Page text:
Seismologists in Denmark and Sweden on Monday registered powerful blasts in the areas of the Nord Stream gas leaks, Sweden's National Seismology Centre (SNSN) at the Uppsala University told public broadcaster SVT on Tuesday.
"There is no doubt that these were explosions," SNSN seismologist Bjorn Lund told SVT.
"There is no doubt that these were explosions."SNSN seismologist Bjorn Lund
A seismograph on the Danish island of Bornholm, near where the leaks had occurred, twice recorded spikes representing earth tremors on Monday, the day on which the Nord Stream 1 and 2 gas pipelines underwent dramatic falls in pressure, German geological research center GFZ said.
The seismograph recorded near-silence until 0003 GMT (2 am local time) when there was a spike representing a tremor in the earth followed by a continuous hissing waveform. The pattern repeated itself at 1700.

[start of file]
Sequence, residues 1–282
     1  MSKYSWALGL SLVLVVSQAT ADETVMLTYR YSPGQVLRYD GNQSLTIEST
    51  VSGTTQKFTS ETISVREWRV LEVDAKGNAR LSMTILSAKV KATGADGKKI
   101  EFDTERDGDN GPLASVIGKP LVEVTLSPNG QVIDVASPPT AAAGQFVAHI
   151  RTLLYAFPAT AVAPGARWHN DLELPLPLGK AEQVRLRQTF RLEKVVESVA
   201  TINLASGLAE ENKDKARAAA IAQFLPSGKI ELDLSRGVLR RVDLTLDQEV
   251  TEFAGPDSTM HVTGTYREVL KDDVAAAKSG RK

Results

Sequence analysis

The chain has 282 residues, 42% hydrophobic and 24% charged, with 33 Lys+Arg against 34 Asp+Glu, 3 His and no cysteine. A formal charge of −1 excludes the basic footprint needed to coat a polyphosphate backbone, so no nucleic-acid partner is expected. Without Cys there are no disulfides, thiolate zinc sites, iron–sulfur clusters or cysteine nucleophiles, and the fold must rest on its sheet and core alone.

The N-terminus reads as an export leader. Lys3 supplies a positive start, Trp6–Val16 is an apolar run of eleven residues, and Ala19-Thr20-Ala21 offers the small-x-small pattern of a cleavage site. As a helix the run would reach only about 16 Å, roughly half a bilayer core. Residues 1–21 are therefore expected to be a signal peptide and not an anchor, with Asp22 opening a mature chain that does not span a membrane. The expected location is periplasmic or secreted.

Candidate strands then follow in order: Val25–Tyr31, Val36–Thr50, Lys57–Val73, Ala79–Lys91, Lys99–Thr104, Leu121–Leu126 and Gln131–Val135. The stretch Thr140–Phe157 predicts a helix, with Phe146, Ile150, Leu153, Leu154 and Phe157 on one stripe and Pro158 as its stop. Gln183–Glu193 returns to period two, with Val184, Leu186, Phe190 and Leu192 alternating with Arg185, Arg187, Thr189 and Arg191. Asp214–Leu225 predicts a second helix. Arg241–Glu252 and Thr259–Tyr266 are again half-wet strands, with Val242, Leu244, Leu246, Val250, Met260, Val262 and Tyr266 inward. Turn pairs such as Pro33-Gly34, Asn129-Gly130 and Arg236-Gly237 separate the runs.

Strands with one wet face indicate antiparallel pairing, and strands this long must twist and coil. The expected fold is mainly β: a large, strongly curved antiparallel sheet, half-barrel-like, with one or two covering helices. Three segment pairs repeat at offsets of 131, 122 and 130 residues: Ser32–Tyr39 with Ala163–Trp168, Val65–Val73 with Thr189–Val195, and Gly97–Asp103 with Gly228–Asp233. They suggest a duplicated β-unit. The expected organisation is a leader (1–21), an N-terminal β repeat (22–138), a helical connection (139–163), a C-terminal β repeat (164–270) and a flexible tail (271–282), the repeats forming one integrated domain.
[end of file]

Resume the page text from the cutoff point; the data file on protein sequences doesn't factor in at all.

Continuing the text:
European politicians and security experts have suggested that the pipeline rupture near Bornholm could have been caused by sabotage.
GFZ declined to be drawn on whether the tremors recorded could have been the result of an explosion.
Nord Stream 2 depressurized
Nord Stream 2 was first reported to have depressurized on Monday afternoon. The depressurization in the Nord Stream 1 pipeline was reported in the early evening, shortly after the second of the two spikes.
"There was a spike and then regular noise," said GFZ spokesperson Josef Zens. "We cannot say if that could be gas streaming out."